In addition to coaching a lot of young talented tennis players, i2c run a lot of junior tournaments. So we regularly talk to a lot of parents who are not just confused but frustrated by the advice they receive about their child’s tennis. We are therefore delighted to be able to share David Mullin’s response to a parent letter regarding the tournaments that their talented child was being recommended to enter. The article was recently published at https://www.tennisconsult.com/how-to-train-young-talented-tennis-players/ and is reproduced on Tennis(24/7) with permission.
David Mullins represented Ireland in Davis Cup from 1999-2004 and worked as a College coach in the US, most recently at the University of Oklahoma. Dave can be contacted at www.davemullinstennis.com
David’s key points for parents of talented tennis players
- At 8 years old a child’s personal development is more important than winning tennis tournaments
- Sometimes coaches forget that life is more than just tennis
- Goals for someone of this child’s age should mostly be centred around his technical development and his enjoyment of training and competition
- The ITF recommends that junior players maintain a 2:1 win/loss ratio. So, when choosing tournaments to enter think about where your child will get competitive matches that will allow them to maintain this 2:1 ratio. Essentially, tournaments are “right” if they maintain that win/loss ratio.
How to Train Young Talented Tennis Players
I received this letter from a concerned tennis parent:
My son is 8-year-old. He plays tennis at an academy 4 times a week. The coaches are young and ambitious and the academy exists for about 3-4 years. My son started playing tournaments with 7y and started to win quite quickly. Everything went quite fast, before his 8th birthday he was given an adult racket (265 gr) and soon afterwards they changed from green to yellow balls.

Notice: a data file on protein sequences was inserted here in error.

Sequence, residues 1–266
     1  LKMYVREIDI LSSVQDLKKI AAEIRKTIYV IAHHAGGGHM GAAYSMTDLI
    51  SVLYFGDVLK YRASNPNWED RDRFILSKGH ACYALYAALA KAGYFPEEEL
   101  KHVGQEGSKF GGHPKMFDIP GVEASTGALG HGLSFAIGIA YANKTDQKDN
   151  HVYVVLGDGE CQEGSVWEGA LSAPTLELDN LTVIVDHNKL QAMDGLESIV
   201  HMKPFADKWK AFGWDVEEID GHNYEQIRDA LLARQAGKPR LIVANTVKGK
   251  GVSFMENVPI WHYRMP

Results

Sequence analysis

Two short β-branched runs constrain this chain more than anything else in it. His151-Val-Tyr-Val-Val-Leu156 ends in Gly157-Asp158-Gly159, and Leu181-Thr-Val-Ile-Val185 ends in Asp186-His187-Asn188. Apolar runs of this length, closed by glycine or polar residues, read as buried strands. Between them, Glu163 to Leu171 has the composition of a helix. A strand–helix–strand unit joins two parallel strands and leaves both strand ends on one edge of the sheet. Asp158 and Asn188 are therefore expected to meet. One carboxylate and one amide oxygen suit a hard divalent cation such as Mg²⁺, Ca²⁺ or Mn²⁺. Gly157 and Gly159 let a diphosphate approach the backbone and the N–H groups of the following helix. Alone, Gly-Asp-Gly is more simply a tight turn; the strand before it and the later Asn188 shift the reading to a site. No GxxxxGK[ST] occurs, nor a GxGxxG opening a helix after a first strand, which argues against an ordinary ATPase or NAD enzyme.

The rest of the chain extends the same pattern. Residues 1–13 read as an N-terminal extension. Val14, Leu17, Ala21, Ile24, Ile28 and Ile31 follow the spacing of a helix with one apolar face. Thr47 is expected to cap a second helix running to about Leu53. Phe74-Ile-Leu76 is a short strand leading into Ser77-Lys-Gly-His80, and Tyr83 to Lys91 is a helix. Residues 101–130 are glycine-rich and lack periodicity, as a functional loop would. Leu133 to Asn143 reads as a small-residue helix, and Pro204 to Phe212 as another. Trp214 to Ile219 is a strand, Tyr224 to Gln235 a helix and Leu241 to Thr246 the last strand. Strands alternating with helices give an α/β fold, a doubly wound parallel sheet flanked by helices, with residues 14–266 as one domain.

In February he was advised to play U12 tournaments. First, he was able to win the first match but since spring he‘s loosing only, no matter who he is playing against. There is no following-up after the matches. I tried to discuss but was told that it‘s my fault he‘s loosing due to the fact, that I’ve chosen the wrong tournaments. He now started again after the summer break (4 weeks) and played another U12 tournament chosen by one of the coaches but the result (a loss) was the same). They advise now to keep on playing tournaments (the more the better) but to go back to U10. Since may he played tournaments 2-3 weekends a month (with no effect on his performance in my opinion).
Now they want to go on with this, saying that at some point he will start to win again. My son is a fighter and always wants to do everything (also in school) as good as possible. He‘s disappointed about his results in tennis but doesn’t want to show it. He‘s working hard. I fear, that the coaches do not know what they are really doing and that my child loses his self-esteem totally. Can you pls help?! The target from the academy for my son is to play top 5 in his age group in Switzerland. What would you suggest in this situation?